Monday, May 2, 2016

Glazed Alcohol Ink Washers


My most popular post on this blog is a project I did a few years ago with alcohol ink where I stamped washers (yes, the kind from the hardware store) and made them into necklaces. It's a really easy and fun project--and if you have the inks, it's pretty inexpensive too. After I had added more colors to my ink collection, I revisited the project and made some more necklaces. In the comments section I had gotten some posts about how I should coat them with resin or dimensional magic so they would be all glazed and shiny. I thought that was an excellent idea.


To start out I grabbed my alcohol inks and applicator, laid down my craft mat, and cleaned some washers off with rubbing alcohol. I put a square of felt on the applicator and dotted a few different colors of alcohol ink onto it.


I stamped at the washers 3 or 4 times to cover the washer and you get a light watercolor look with not very good coverage.


So I kept stamping. 3-5 more times and you'll get a darker watercolor look. You'll get better color coverage and some of the colors will start to mix a bit. Sometimes, I stop here. But I wanted more of a stippled look.


So I kept stamping. Eventually, the ink will start creating these little bubble-like stipples. That's what I was after.


But I thought it had gotten kinda blah as the colors mixed, so I put a little bit of green (clover) onto a clean felt pad and stamped a bit. It came out marbled and very contrasted. I liked it like this, so I stopped and switched to different washers.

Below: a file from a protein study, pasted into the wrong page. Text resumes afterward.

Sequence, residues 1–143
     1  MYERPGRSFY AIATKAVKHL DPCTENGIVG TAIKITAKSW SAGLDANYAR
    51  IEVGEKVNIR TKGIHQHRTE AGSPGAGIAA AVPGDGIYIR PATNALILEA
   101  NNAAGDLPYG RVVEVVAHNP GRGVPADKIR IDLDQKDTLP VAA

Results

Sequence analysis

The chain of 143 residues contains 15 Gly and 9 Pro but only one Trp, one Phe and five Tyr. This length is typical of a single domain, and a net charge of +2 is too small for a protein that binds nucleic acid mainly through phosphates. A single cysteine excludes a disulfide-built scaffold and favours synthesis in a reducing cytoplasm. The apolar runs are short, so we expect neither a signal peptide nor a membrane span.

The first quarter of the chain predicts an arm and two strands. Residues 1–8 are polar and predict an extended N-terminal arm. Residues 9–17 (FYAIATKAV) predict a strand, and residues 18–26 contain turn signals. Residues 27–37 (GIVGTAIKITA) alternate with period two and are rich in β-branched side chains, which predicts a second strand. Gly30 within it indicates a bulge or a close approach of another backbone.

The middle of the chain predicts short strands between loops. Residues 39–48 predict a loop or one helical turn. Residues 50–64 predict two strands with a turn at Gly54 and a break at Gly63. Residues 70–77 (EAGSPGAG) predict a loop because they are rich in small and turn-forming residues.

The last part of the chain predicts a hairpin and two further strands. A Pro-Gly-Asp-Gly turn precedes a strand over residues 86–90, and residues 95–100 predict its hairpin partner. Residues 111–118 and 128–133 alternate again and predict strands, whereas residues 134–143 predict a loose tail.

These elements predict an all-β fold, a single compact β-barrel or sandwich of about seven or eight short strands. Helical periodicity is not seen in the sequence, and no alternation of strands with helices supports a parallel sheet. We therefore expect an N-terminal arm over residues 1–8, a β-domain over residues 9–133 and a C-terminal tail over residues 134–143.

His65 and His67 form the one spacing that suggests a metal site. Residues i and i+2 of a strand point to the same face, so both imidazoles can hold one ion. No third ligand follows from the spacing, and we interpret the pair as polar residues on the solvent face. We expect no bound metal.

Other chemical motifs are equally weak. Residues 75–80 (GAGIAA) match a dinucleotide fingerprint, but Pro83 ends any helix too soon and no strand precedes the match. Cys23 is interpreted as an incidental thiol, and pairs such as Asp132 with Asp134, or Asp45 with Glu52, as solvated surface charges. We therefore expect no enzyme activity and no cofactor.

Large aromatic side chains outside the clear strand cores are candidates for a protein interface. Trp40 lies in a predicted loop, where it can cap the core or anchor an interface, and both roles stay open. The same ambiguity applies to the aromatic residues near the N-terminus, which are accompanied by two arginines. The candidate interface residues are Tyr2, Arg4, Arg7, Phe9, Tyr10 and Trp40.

I made a bunch in a variety of different colors and set them aside to dry.


Then I tried to glaze them with Diamond Glaze. I don't know if it was the consistency of the glue or the size of the nozzle, but it didn't go as well as I had hoped. First off, I had them on paper plates, but over half of them had glue dripping off of the sides and filling their center (like the one above). So I used a toothpick to pick them up and put them on some wax paper so they wouldn't glue themselves to the plates as they dried. This dumped most of the glue off of the washers as I moved them. So I let them dry for a day and came back to try and do a second coat. I was more careful and put less glue on the washers, but that left ridges in some of the washers, and others still lost surface tension and ended up with glue all over. I was able to move the glue around a bit with a toothpick, but getting that nice slightly domed clear glaze that I had hoped for, just wasn't going to happen. I did end up with a few that turned out nicely, but several of them had bubbles in them that I couldn't pop with a toothpick and shaking or vibrating was out since the surface tension would bust and have glue all over. I even tried using a lighter (which is a trick I saw someone use online with epoxy resin) over the surface--this sort of helped, but only for the big bubbles.


So, I'll probably turn the few of these that did work into jewelry, but I didn't glaze all of these that I stamped, so I might try some Dimensional Magic to see if it works better on this project. I'll let you know how it turns out. If you have any tips for non-epoxy glazes on washers, let me know in the comments.

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